Memphis, TN: MLK was assassinated at the Lorraine Motel in 1968 where the National Civil Rights Museum about the civil rights struggles of the mid-20th century now stands. The motel façade remains, as does Room 306 where Dr. King stayed. Across the street, there’s an exhibit in the building from which the assassin James Earl Ray fired the deadly shot.
Martin Luther tours in Germany
Martin Luther is generally regarded as the “match” that sparked the fires of Protestant Reformation, changing both the church and the world. It was October 31, 1517, when he nailed his 95 theses of protest to the Wittenberg church door. That act was the “match” that sparked the Protestant Reformation. October 31 remains Reformation Day, and is celebrated in Wittenberg and elsewhere each year.
Germany is featuring several aspects (music, art, tolerance, politics) of the Reformation in the “Luther Decade” that has been in motion since 2008. Luther will be the global spotlight in 2017 when the 500th anniversary of his Wittenberg act comes up. For detailed information, go to visit-luther.com.
Luther lived and worked on Germany’s east front, one of the most beautiful and culturally rich regions of the country. The don’t-miss Lutherland stops include:
Erfurt: Luther became a monk here and began preaching in 1505. The cathedral where he was ordained dominates the main square. Erfurt is also location for the Augustinian Monastery where Luther lived for six years as a monk. Tours and lodging in the monastery are available. Don’t miss the stained glass windows in the church that depict the lives of Jesus Christ and St. Augustine.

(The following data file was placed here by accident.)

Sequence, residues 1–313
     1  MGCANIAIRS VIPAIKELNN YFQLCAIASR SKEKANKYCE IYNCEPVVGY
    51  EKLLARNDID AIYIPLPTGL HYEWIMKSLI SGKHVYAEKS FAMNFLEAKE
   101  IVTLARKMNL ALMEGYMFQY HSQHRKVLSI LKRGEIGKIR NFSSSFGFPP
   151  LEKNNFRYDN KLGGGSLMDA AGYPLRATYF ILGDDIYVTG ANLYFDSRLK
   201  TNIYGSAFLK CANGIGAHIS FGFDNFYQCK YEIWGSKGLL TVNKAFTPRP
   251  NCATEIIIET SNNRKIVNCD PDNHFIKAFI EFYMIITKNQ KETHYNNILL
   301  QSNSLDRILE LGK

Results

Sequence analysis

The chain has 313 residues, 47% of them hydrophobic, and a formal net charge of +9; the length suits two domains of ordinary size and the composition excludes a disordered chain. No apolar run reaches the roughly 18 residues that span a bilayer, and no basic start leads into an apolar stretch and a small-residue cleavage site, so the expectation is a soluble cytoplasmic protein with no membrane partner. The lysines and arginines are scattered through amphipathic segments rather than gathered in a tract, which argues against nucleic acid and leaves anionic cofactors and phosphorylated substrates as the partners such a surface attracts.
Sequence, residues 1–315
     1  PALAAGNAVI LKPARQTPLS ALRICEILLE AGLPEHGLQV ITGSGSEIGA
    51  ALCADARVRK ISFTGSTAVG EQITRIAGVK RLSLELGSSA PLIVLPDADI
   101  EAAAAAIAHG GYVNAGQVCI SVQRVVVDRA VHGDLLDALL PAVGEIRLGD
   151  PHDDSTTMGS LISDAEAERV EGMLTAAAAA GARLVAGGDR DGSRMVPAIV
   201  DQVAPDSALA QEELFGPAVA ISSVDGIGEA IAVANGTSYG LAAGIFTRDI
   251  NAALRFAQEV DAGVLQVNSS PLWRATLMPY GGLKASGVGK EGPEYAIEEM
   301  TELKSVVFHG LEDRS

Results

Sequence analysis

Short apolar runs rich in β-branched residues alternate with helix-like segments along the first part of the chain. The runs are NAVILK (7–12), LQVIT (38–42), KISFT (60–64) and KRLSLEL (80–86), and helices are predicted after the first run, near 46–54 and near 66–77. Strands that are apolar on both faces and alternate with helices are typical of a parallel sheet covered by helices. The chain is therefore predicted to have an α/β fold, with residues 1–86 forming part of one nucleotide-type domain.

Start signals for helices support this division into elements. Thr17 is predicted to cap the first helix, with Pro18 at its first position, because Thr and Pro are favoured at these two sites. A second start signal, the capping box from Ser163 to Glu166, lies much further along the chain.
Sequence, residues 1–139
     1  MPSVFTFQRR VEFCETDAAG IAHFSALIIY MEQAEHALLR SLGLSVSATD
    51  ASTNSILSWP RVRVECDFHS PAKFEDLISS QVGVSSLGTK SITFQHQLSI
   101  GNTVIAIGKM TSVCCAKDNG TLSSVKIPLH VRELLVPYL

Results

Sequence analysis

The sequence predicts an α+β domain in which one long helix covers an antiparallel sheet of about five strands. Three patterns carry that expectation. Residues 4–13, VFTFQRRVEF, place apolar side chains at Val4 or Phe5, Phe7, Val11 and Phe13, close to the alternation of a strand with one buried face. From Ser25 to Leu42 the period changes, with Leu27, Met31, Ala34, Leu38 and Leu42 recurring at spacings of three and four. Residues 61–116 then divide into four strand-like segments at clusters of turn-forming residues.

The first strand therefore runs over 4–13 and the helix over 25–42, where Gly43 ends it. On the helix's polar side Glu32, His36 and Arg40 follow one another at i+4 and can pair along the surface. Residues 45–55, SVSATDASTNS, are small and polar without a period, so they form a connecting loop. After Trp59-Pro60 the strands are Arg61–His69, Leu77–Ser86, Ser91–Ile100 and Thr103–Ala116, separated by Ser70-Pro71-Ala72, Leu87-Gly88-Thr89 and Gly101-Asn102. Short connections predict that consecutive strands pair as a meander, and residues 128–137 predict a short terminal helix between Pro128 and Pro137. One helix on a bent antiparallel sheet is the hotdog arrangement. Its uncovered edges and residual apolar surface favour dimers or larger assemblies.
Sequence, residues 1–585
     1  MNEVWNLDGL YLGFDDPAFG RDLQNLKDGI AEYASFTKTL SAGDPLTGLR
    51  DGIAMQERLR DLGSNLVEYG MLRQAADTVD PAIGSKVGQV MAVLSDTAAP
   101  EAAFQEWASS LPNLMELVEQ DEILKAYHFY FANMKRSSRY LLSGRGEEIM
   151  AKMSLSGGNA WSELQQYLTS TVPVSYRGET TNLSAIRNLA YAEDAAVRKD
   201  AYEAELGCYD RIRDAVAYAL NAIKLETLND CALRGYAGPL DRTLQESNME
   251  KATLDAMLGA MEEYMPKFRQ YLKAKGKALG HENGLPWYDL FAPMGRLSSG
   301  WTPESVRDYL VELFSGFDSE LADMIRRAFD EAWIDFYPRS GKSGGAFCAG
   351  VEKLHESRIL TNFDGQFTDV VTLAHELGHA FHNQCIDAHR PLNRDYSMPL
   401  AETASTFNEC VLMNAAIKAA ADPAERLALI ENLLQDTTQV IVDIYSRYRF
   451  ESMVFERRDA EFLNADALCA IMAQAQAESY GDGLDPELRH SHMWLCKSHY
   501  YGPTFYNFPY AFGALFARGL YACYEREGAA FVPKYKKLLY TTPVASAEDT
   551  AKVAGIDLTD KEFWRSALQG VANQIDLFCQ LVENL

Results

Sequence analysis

Near Erfurt, it has the houses where Luther was born and died. The Church of St. Peter and St. Paul is where the great reformer was baptized, and St. Andrew’s Church has the pulpit from which Luther preached his last sermon. Other interesting sites include St. Anne’s, an old miner’s church famous for the Biblical scenes hewn in its stones. J.S. Bach’s birthplace house is now a museum filled with wonderful medieval instruments and other musical memorabilia.
Wittenberg: This is the university town where Luther taught and nailed his famous 95 theses (complaints) to the church door October 31, 1517. He was buried inside the church in 1546. This Luther town has several UNESCO World Heritage Sites including the castle and municipal churches that have Luther history, as well as Luther’s house, which contains the most extensive collection of Reformation memorabilia in the world. The city celebrates Luther’s wedding to former nun Katharina von Bora in June, and Reformation Day in October each year.
Eisenach: High on a mountain that overlooks this picturesque town is Wartburg Castle where Luther hid out here after the pope excommunicated him. Castle tours are a Lutherland “must.” It was here that he translated the New Testament from Latin Vulgate to German in 1522. This was a bold move in an era when priests were considered to be the only source for scriptural reference.
Tour companies offering Reformation itineraries include Globus, Reformation Tours, Pilgrim Tours and Nawas International. Comprehensive Reformation itineraries include other countries like Switzerland and Scotland or other German cities such as Dresden, Berlin and Leipzig. Start your planning at www.germany.travel.
Read more of Ruth Hill’s faith travel columns at Contemporary Christian Travel in the Washington Times Communities.